Cardinals Return Amid College Football Postponements
While the Arizona Cardinals began training camp Wednesday with OTA-like workouts at State Farm Stadium, the state's two Power-5 college football programs are on an opposite course. Tuesday, both the Big Ten and Pac-12, the latter of which houses both Arizona and Arizona State, announced the postponement of the 2020 college football season due to COVID-19 health and safety concerns.
For the Conference of Champions, the delay includes all sports competition, not just football, and will last through at least Dec. 31. Meanwhile, the NFL announced Wednesday that it reached an agreement with the NFLPA to continue daily testing for players until Sept. 5 and that "the rate of positive tests for all players and Tier 1 and Tier 2 personnel across the league during this period is below one percent (and no individual club rate is greater than two percent)."
The levels are seemingly trending in completely different directions. The NFL, although it canceled its preseason, still plans on conducting the 2020 year as scheduled, while two of the Power-5 college conferences have pulled the plug on fall competition.
"It's a blessing to be able to strap on the cleats and the helmet and get back on there on the grass with your teammates," Cardinals wide receiver Christian Kirk told reporters Wednesday following the first practice of training camp. "And it's funny, we were all talking about that last week, before we came to Glendale, just the last week of Zoom meetings how kind of tired and fed up we were of it. Just because we want to get back and be around the guys in the locker room and have that camaraderie, so it's just been good. Everybody's been buying into the process and it's been nice to just put it all together out there today."
A former head coach at the collegiate level with Texas Tech, Cardinals head coach Kliff Kingsbury was non-committal in his response to the decisions of the Big Ten and Pac-12. He shifted the narrative to center around the efforts the Cardinals have made to contain and limit the spread of the coronavirus, which to this point has been successful.
Arizona joins the Carolina Panthers, Houston Texans, Los Angeles Chargers and New England Patriots as teams with zero players placed on reserve/COVID-19 to this point.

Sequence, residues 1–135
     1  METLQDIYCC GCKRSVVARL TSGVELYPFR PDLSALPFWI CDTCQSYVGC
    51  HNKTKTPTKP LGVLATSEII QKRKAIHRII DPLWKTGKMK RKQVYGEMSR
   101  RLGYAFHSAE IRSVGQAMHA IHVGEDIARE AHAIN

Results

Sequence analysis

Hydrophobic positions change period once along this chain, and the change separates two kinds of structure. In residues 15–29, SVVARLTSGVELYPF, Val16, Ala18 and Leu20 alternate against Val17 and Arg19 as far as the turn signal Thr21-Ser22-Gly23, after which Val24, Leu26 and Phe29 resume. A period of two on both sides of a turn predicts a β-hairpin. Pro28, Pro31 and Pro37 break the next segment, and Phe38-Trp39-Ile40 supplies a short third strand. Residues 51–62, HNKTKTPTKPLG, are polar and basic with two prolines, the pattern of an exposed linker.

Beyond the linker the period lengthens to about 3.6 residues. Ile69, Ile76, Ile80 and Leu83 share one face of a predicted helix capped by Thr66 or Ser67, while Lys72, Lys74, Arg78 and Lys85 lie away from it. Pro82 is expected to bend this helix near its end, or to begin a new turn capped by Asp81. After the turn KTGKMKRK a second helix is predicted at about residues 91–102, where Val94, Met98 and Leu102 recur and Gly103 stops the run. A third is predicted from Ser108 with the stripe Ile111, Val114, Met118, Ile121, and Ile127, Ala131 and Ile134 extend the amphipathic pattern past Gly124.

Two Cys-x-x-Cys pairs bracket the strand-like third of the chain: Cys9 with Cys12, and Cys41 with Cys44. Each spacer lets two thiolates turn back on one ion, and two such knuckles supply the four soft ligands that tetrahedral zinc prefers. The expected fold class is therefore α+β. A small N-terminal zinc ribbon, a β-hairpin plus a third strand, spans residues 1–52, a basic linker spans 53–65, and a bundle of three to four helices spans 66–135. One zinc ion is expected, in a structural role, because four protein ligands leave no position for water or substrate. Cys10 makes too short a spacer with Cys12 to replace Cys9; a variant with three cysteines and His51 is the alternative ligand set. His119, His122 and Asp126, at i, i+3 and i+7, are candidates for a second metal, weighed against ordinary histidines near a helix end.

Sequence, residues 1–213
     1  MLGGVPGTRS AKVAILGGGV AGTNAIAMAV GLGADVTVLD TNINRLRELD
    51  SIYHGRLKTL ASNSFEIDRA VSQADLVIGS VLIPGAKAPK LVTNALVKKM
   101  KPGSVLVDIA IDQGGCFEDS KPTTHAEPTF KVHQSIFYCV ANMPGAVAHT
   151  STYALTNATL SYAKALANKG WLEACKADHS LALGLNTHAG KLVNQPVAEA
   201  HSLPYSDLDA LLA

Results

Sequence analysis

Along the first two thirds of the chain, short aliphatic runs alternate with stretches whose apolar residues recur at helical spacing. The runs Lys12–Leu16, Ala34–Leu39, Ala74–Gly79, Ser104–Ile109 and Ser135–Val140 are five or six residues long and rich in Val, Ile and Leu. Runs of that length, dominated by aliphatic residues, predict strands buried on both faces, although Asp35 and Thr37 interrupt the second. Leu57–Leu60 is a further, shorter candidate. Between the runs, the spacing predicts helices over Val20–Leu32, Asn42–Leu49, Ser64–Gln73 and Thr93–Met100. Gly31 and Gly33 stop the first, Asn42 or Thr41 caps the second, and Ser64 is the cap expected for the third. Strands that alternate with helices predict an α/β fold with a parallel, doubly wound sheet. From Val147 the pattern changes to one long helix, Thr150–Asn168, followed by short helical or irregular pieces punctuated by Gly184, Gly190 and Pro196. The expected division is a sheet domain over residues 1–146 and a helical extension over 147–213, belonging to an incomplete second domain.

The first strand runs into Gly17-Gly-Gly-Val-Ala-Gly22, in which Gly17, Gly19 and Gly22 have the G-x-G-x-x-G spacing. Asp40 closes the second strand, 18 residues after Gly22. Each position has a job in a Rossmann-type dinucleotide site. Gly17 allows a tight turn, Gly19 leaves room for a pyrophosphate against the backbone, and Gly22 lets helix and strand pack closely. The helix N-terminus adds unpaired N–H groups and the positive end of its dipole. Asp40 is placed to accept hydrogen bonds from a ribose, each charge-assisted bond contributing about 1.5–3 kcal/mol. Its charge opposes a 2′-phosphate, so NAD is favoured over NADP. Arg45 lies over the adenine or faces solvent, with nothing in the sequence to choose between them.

"We've been so caught up in trying to do it right at this level and focused on what we need to do to make this happen that I haven't even followed it closely enough to make an informed comment on it," Kingsbury said. "But very proud of how our guys have handled (it), the professionalism I've seen, and us trying to make it work for us.
"There's definitely differences. We've had our hands full trying to get it lined up here. And there's only 32 teams and there's 127 I think, or more, at that level that are trying to pull it off. And so, I think just the sheer numbers definitely makes it a challenge for those guys down there."
Having missed out on traditional offseason programs like OTAs and minicamps, players across the league have been itching to return to the gridiron. It is especially so for the new guys who switched teams or first-year athletes in the NFL, as they have lacked the proper assimilation period they otherwise would have been granted. The lack of preseason games makes it more difficult, but each team will be in the same situation as rosters are continuously trimmed.
First-day jitters were amplified Wednesday in Arizona, although that most likely stemmed from pure elation to just be playing football again, rather than nerves.
"I was excited," linebacker Devon Kennard said. "I woke up early this morning, ready to go finally play some football with my teammates. Being able to put on a helmet for the first time was awesome. We're used to the protocol now. We've been doing it for a little time, so I think that was pretty smooth. And we're just trying to get to football and win some games."
For this year's rookie class especially, they barely escaped the COVID-19 cutoff. Had the virus spread earlier, their NFL prospects could have been drastically impacted. It is one notion that has been toyed with in at least one player's mind.
"With what happened with COVID, I don't think anybody saw it coming as far as the timing," rookie defensive lineman Rashard Lawrence said. "It kind of came out of nowhere. For the guys in college still, it's a tough time for them. They're not in control to really be able to make those decisions, but you can only hope for the best for them because it's definitely uncertain times. Hopefully, at some point, they will get a chance to showcase their talents in one way or another."
For Kingsbury, he is just glad it did not strike when his franchise quarterback Kyler Murray was a senior at Oklahoma. If it did, he might have never even made it to the NFL, instead likely playing outfield for the Oakland Athletics — where he was drafted in the first-round of the 2018 MLB draft.
"That puts a real life scenario because he wouldn't have waited around for another football season," Kingsbury said. "I can tell you that much. It's good fortune. I saw (Cincinnati Bengals No. 1 draft choice quarterback) Joe Burrow tweeted something like had he not had a senior year, he would have been looking for a job right now. And so, everything happens for a reason and I definitely feel blessed that he was able to play that senior year and we were able to get him."